What happens in pregnancy and the early stages of infancy can have a profound impact on child and adolescent development, and may even affect the health of individuals as adults. A growing understanding of which events may be most harmful for a growing fetus or newborn can lead to improvements in the health of babies, but it can also create quite a bit of fear and anxiety in expecting mothers and new parents. How do new parents sift through the many “dos and don’ts” that are thrown at them during pregnancy? What does the evidence base actually support? In previous podcast episodes, we discussed infertility (how to get pregnant) and maternal mortality (how to keep mothers safe during delivery); on this episode we focus on the health of the fetus and newborn baby. Bryan James and Hailey Banack chat with Robert Platt from McGill University about the latest in perinatal epidemiology, and why it is so hard to find answers to these questions using observational studies!
Can a positive outlook on life actually have a direct effect on our health? Optimism appears to be linked to better health and the ability to cope with and bounce back from disease and surgery, while pessimistic people are more likely to develop hypertension, heart disease and die prematurely than their optimistic peers. So what is behind these relationships? Can we really just will good health into existence by just thinking about it? Or are optimistic persons more likely to engage in healthy behaviors? Or could a skeptic (those pessimists!) argue that healthier people can just afford to be more optimistic, or that socioeconomic status or some other life condition allows certain people to be healthier and more optimistic? In this episode we dive deep into the link between optimism and health as host Bryan James chats with Eric Kim, assistant professor in the Department of Psychology at the University of British Columbia and Research Scholar at the Michael Smith Foundation for Health, and Bill Chopik , assistant professor in the Department of Psychology at Michigan State University.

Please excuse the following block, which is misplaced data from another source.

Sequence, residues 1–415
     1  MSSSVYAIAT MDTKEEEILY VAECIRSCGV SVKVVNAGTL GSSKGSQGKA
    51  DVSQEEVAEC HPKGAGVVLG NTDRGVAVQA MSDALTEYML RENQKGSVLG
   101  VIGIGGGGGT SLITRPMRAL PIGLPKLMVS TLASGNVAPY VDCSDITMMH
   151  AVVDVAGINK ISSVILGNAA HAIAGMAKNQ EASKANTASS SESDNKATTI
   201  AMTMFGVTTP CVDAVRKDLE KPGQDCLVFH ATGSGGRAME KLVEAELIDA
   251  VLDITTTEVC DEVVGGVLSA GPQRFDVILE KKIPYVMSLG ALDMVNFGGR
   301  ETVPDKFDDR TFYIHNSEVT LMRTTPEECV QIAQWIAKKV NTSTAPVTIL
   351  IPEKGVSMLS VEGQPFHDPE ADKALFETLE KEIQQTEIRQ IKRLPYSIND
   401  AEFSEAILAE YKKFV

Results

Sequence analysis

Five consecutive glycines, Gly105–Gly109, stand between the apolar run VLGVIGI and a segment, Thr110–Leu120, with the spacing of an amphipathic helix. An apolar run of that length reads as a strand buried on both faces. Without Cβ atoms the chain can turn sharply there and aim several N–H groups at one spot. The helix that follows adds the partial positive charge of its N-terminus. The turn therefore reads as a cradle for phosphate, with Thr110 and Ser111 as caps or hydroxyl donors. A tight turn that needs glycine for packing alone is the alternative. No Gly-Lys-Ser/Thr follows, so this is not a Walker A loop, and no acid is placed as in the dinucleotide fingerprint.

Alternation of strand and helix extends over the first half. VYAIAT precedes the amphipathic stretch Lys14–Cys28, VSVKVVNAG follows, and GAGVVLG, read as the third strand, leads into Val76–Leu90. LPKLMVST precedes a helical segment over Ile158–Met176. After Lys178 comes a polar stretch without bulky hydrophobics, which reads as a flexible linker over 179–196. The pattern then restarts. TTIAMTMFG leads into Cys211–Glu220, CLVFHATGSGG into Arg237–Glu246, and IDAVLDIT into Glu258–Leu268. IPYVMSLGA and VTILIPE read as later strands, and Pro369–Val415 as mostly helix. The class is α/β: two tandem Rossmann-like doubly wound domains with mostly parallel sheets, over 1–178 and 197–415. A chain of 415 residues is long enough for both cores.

By nearly any metric, Black and brown Americans are disproportionately policed, arrested, convicted, and incarcerated compared to white Americans. One in 3 Black boys born in America in 2001 can expect to go to prison in their lifetime. Furthermore, Black Americans are more likely to be physically injured and killed at the hands of the police—a reality that manifested in the dramatic response to the killing of George Floyd and other high profile cases, leading to Black Lives Matter protests around the nation and the world. Racialized policing is rooted in our country’s history and legacy of systemic racism, and has substantial negative effects on the health and well being of communities of color. Living under constant threat of surveillance takes a toll on mental and physical health and can lead to and exacerbate racial health disparities. In this episode, Bryan James is joined by John Pamplin, a Provost’s postdoctoral fellow in the Center for Urban Science & Progress at New York University, as well as the Center for Opioid Epidemiology and Policy at the NYU Grossman School of Medicine, as well as Roland Thorpe, professor in the department of health, behavior, and society at the Johns Hopkins School of Public Health. They discuss the historical and structural causes of racialized policing, its effect on health, the “myths” used to justify it, and end with some ideas on what we can do about it.